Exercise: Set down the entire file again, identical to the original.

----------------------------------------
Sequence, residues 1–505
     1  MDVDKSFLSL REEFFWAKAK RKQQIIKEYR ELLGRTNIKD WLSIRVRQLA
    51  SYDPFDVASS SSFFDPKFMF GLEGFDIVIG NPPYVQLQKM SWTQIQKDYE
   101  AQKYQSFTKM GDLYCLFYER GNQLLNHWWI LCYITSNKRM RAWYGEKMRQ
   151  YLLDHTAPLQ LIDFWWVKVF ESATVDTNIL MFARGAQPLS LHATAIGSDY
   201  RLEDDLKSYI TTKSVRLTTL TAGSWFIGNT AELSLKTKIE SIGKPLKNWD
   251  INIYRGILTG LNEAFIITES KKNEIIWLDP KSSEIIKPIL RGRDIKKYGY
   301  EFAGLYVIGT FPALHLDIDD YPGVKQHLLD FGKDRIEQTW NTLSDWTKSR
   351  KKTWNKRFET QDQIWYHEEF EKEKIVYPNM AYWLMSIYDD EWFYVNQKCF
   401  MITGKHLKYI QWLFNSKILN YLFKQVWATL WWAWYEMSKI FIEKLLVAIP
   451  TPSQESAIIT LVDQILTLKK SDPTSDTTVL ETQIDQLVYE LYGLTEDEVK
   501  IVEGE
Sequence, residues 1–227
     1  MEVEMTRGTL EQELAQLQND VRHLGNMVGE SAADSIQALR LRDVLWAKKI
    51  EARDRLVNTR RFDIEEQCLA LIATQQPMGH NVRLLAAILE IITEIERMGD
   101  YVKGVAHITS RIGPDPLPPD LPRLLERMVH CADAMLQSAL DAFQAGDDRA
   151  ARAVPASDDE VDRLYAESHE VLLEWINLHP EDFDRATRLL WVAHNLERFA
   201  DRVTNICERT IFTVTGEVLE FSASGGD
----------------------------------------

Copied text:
Sequence, residues 1–505
     1  MDVDKSFLSL REEFFWAKAK RKQQIIKEYR ELLGRTNIKD WLSIRVRQLA
    51  SYDPFDVASS SSFFDPKFMF GLEGFDIVIG NPPYVQLQKM SWTQIQKDYE
   101  AQKYQSFTKM GDLYCLFYER GNQLLNHWWI LCYITSNKRM RAWYGEKMRQ
   151  YLLDHTAPLQ LIDFWWVKVF ESATVDTNIL MFARGAQPLS LHATAIGSDY
   201  RLEDDLKSYI TTKSVRLTTL TAGSWFIGNT AELSLKTKIE SIGKPLKNWD
   251  INIYRGILTG LNEAFIITES KKNEIIWLDP KSSEIIKPIL RGRDIKKYGY
   301  EFAGLYVIGT FPALHLDIDD YPGVKQHLLD FGKDRIEQTW NTLSDWTKSR
   351  KKTWNKRFET QDQIWYHEEF EKEKIVYPNM AYWLMSIYDD EWFYVNQKCF
   401  MITGKHLKYI QWLFNSKILN YLFKQVWATL WWAWYEMSKI FIEKLLVAIP
   451  TPSQESAIIT LVDQILTLKK SDPTSDTTVL ETQIDQLVYE LYGLTEDEVK
   501  IVEGE
Sequence, residues 1–227
     1  MEVEMTRGTL EQELAQLQND VRHLGNMVGE SAADSIQALR LRDVLWAKKI
    51  EARDRLVNTR RFDIEEQCLA LIATQQPMGH NVRLLAAILE IITEIERMGD
   101  YVKGVAHITS RIGPDPLPPD LPRLLERMVH CADAMLQSAL DAFQAGDDRA
   151  ARAVPASDDE VDRLYAESHE VLLEWINLHP EDFDRATRLL WVAHNLERFA
   201  DRVTNICERT IFTVTGEVLE FSASGGD